From a time commitment standpoint, my day job has been brutal this week – so brutal, in fact, that when it was announced that Hamas and Fatah were reconciling, I didn’t read about it in the newspapers or on the Internet, but instead learned about it the following day while eating dinner with some friends. The question was asked of me this way: “Are you upset about that Hamas-Fatah reconciliation deal?” After I looked back in disbelief, my friend clarified his assumption that, as a Zionist, I would presumably be very disturbed by the prospect of Hamas being incorporated into the Palestinian political process. Au contraire – as a Zionist, I actually see this development as a positive one.
Now don’t get me wrong, I’m no fan of Hamas. Only a self-hating Jew would go that far. But I do have a long memory. And one of the things I recall is how many times I’ve asked a fellow Zionist to join the peace movement only to be told that it is pointless to try to make peace with the Palestinians if they cannot even make peace with each other. Frankly, there was some logic behind such a position, however flimsy. After all, what good would it do to watch Israel and the Fatah enter into a peace agreement, only to watch the jilted Hamas destabilize the area by perpetrating one terrorist attack after another?
I have for years pined for peace agreements between Israel and its neighbors but have never for a moment thought that entering into such agreements is a sufficient condition for peace. True peace requires the adversaries to recognize not only the value of a short-term truce or a formal exchange of property, but the acceptance of the other’s legitimate long-term autonomy over disputed land. How, may I ask, can Israel ever achieve such peace as long as it completely pushes aside from the discussions a group like Hamas, which was elected to represent the interests of the Gazan people and no doubt enjoys more than a modicum of support in the West Bank (and perhaps even among Israeli-Arabs)?
So far, the policy of the Israeli Government is to de-legitimize Hamas in every way possible. From the Israeli standpoint, Hamas and its supporters are little different than dehumanized cancer cells – and surely, what is the point of attempting to talk, let alone to negotiate, with cancer cells? In support of this attitude, Israel can point to Hamas’ embrace of terrorism against Jews, unabashed desire to drive the Jews from control over even a fraction of the disputed region, and ruthless treatment of any Arab who is seen as being pro-Israel. And I will fully grant that if you’re a Zionist like me and you’re looking to find fault with Hamas, you don’t have to look very far. These people have behaved, purely and simply, as the enemies of the Jewish people.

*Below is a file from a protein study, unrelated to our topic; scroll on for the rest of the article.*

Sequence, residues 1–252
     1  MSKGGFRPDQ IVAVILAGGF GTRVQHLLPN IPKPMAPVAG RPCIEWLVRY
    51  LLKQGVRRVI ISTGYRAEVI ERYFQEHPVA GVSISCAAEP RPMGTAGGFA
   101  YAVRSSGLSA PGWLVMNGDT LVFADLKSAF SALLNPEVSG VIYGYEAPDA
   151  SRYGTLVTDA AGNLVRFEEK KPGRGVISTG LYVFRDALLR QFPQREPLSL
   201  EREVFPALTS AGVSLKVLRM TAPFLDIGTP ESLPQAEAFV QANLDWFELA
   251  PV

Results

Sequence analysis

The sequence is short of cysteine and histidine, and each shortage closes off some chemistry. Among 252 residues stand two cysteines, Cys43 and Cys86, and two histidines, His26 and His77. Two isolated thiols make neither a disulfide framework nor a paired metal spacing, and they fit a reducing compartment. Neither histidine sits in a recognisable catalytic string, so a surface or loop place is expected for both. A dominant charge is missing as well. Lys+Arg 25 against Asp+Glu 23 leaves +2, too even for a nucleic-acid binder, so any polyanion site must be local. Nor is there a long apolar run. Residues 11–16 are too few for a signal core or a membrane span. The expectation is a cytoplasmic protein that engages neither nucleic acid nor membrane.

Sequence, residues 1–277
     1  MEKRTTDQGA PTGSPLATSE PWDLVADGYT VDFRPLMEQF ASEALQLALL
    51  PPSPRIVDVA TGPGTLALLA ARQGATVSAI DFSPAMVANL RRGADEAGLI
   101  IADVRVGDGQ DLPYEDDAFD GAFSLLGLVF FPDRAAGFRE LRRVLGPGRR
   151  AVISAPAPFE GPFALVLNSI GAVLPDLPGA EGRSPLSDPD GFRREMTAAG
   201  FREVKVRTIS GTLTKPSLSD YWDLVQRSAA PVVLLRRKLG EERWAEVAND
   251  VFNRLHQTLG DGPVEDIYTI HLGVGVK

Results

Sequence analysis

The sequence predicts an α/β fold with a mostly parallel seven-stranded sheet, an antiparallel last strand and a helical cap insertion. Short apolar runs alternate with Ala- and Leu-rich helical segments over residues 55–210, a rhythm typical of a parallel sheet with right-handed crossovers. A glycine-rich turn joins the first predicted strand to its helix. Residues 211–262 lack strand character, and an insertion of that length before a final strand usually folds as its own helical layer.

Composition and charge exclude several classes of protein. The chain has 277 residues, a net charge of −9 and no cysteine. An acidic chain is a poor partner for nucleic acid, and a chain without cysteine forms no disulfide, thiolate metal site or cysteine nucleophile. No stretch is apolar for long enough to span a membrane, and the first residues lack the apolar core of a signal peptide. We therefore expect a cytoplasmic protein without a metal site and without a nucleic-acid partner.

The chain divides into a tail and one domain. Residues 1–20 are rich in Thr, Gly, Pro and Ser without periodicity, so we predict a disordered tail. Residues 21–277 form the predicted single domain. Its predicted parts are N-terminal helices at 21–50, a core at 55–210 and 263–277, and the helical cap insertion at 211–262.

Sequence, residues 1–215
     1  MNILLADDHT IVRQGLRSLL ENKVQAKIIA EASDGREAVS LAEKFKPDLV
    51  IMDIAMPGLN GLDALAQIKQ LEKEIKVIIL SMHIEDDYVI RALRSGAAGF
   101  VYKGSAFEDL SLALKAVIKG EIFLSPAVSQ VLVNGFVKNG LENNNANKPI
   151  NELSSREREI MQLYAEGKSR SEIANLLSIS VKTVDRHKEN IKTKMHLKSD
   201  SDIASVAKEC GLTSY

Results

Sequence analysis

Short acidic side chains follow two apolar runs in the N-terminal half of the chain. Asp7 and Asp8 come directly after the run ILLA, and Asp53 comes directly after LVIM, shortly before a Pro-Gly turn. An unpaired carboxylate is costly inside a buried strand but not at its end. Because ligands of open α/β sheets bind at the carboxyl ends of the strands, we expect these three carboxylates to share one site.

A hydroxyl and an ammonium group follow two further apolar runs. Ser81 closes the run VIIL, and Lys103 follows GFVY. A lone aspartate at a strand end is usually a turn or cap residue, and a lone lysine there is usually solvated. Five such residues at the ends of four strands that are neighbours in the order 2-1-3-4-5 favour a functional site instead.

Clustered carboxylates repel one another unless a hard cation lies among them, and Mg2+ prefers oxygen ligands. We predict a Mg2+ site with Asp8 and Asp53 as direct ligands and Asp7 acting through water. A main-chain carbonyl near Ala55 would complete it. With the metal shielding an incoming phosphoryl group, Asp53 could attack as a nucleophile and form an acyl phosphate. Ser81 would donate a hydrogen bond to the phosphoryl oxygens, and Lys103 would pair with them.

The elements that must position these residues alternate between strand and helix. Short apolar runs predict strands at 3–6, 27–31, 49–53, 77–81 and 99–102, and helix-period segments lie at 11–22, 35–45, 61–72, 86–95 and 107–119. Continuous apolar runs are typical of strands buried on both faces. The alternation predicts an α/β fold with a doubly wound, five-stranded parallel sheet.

But here’s the point: when my Jewish ancestors settled in Palestine and aimed to build ourselves a large enough state to accommodate many millions of Jewish residents, they had to know they would encounter opposition. And within that opposition, it was inevitable that some sub-groups would be more militant than others. Isn’t it a good thing that those two sets of sub-groups are now reconciling? And isn’t it a possible outcome of such reconciliation that the moderate sub-groups will grow in strength and bring the more militant elements closer to the fold? Why must we always assume the worst – in this case, that Hamas will somehow bully Fatah into embracing terrorism, rather than that Fatah will persuade Hamas that a two-state solution is in the best interests of the Palestinian people?
If my previous blog post sounded a bit Pollyannaish, let me reassure you that I am not Pollyannaish when it comes to Hamas. Still, as I’ve indicated, that organization speaks for a significant portion of the Palestinian people, particularly in Gaza, and if there is to be peace, that portion must somehow be placated. Israel certainly isn’t capable of doing it. My hope is that, over time, the Fatah and its supporters can accomplish that task. I don’t see it happening overnight, but if we are to have peace in the Holy Land, it needs to happen. Lord knows that Israel can’t justify simply pretending that Gaza doesn’t exist, and hoping that if they make peace with the Fatah and the West Bank, all their problems with the Palestinians will go away.
This war between the Jews and Palestinians has dragged on for many decades. If it is to end, it will be because a unified government of the Jews enters into an agreement with a unified government of the Palestinians – not because one warring side thought it could divide and conquer the other. So please, raise a glass that the Palestinians are reconciling. It may be fraught with problems in the short run, but in the long run, it is a critical part of the evolutionary process … the end of which will be two peaceful states for two peaceful peoples.